Long walk to education — rural EC learners travel on foot 20km to and from school daily

15,000 learners who need transport are not getting it. And from next year there’ll be 22,000 more.
Grade 11 learner Sinethemba Nkululeko wakes up daily at 3am to walk ten kilometres from his village to school in Willowvale, Eastern Cape. At 3:10pm he walks the ten kilometres back home. He is one of 15,000 learners in the province who are eligible for scholar transport but are not getting it, because there is no budget.
Responsibility for school transport was moved from the Eastern Cape Department of Education to the Department of Roads and Transport in 2011. According to Unathi Binqose, spokesperson for the provincial department of Roads and Transport, about 140,000 learners are in need of school transport, but currently 125,000 are being transported. Binqose said even this number is stretching the department’s budget.
Binqose said that the department has to cut costs on events, travelling and accommodation for its employees in order to pay for scholar transport. Next year the department will only have budget to transport a bit more than 100,000 learners, leaving over 20,000 more learners without transport.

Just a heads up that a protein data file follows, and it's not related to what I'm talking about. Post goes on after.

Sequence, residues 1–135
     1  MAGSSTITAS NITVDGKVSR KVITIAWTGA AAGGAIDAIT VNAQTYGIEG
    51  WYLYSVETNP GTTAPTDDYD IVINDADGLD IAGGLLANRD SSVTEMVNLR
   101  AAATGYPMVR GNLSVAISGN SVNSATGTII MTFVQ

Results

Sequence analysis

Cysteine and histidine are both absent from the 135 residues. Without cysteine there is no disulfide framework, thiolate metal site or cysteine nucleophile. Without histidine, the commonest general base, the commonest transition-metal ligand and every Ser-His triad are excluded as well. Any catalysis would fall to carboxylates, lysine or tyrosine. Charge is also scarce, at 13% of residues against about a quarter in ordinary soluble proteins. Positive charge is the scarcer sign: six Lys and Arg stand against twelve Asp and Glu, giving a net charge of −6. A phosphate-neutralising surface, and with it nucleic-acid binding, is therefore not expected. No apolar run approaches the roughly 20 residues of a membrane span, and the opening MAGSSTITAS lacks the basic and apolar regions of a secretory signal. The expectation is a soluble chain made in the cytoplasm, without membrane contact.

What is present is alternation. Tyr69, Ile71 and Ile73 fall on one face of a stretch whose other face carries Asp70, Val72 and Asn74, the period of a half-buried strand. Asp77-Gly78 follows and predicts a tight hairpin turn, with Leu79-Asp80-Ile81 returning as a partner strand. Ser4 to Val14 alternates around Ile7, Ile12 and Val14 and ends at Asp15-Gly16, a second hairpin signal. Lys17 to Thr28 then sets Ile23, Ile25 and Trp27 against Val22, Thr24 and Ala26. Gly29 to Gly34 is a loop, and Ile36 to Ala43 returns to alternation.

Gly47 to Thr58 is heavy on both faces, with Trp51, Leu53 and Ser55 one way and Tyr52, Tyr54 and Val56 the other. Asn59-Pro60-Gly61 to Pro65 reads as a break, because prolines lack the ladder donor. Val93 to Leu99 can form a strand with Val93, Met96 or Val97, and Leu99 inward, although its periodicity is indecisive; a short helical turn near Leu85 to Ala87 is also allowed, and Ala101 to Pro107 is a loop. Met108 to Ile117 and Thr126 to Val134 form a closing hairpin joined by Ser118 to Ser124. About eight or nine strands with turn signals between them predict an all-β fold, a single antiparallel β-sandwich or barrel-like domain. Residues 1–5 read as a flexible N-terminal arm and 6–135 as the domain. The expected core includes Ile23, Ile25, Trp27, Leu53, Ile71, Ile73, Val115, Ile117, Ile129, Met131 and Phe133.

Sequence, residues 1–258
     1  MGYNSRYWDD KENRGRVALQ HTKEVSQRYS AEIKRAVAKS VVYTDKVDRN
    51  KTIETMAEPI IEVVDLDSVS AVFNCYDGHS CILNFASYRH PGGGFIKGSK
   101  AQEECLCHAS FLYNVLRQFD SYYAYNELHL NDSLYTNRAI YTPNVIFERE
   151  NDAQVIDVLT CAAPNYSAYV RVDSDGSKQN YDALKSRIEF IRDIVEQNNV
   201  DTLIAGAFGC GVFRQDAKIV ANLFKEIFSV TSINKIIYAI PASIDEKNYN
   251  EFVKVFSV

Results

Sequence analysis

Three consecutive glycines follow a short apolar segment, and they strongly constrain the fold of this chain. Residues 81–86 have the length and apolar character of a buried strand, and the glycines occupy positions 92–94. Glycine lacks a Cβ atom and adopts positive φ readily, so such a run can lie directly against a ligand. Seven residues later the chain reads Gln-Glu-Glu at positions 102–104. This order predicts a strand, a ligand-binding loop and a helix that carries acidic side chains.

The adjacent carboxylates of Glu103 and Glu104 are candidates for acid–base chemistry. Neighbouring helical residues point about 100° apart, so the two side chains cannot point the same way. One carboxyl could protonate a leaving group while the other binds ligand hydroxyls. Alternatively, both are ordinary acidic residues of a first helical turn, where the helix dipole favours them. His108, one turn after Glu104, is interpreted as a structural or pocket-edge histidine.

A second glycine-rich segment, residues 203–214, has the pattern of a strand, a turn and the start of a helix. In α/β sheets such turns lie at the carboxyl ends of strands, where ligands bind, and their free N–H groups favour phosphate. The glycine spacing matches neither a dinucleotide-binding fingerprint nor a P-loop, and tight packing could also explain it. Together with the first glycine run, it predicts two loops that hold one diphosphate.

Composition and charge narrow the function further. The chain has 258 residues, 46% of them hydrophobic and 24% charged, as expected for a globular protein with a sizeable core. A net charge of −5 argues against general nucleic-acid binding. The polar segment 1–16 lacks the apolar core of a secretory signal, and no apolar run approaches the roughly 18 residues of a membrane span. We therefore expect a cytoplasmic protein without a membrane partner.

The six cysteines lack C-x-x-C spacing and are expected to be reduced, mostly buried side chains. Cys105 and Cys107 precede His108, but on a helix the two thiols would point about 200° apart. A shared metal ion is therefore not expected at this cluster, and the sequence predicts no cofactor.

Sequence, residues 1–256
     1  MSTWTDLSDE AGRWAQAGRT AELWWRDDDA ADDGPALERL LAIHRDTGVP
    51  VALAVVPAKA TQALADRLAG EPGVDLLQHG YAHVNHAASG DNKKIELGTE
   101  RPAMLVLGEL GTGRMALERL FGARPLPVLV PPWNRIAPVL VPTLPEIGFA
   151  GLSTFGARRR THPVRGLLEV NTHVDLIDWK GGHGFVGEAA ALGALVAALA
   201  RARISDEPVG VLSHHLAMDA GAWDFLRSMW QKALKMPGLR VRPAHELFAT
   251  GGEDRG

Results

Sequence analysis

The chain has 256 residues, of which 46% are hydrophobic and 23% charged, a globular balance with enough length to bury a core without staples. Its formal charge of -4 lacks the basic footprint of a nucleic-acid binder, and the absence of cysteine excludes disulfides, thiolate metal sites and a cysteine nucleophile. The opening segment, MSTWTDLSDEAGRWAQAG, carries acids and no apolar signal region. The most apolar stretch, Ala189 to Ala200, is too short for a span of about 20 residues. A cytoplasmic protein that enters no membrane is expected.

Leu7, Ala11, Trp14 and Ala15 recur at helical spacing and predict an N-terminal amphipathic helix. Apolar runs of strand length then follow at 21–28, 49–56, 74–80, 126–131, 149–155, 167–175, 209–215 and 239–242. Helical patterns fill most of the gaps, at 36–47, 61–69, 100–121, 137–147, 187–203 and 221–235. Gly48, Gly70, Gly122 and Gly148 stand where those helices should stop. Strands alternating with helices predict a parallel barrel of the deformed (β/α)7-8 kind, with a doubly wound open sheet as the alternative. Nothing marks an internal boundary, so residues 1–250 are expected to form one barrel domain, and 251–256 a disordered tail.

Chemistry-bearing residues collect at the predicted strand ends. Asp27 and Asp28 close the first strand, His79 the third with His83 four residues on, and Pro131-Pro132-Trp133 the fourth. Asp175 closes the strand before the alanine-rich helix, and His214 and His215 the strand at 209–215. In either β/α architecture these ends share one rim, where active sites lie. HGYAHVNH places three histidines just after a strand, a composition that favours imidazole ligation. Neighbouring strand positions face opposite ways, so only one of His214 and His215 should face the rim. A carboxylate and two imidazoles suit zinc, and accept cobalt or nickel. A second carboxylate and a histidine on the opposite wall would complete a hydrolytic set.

This means over 35,000 learners will likely be without school transport next year.
Long walk to education
Teachers in rural areas are worried that their schools might shut down because the learner numbers are dwindling every year due to the high rate of school dropouts.
Seventeen-year-old Sinethemba goes to LM Malgus Senior Secondary School in Willowvale. “Since 2020 there has been no scholar transport here. I wake up at 3am everyday because I walk about 10km from Zenzile Village to get to school. I leave my home at 4am and it is very dark in winter. For safety, I walk with my two classmates. We cross the rivers and walk through the thick bushes. Then we arrive at school at 6am for morning classes.
“By 3:10pm the school closes and it is another 10km back home. I get back home about 5pm. Then I have to go to the river and fetch the water to wash my school uniform, bath and cook. I also have to collect the livestock and still do my homework. Then at 9pm I go to bed and sleep. But in the classroom sometimes it’s hard to concentrate because I feel tired.”
His classmate Luzuko Bohlo, 20, from Bikana Village also complains about the distance. He said, “I wake up at 4am and then go to school at 5am. Our school shoes are worn ...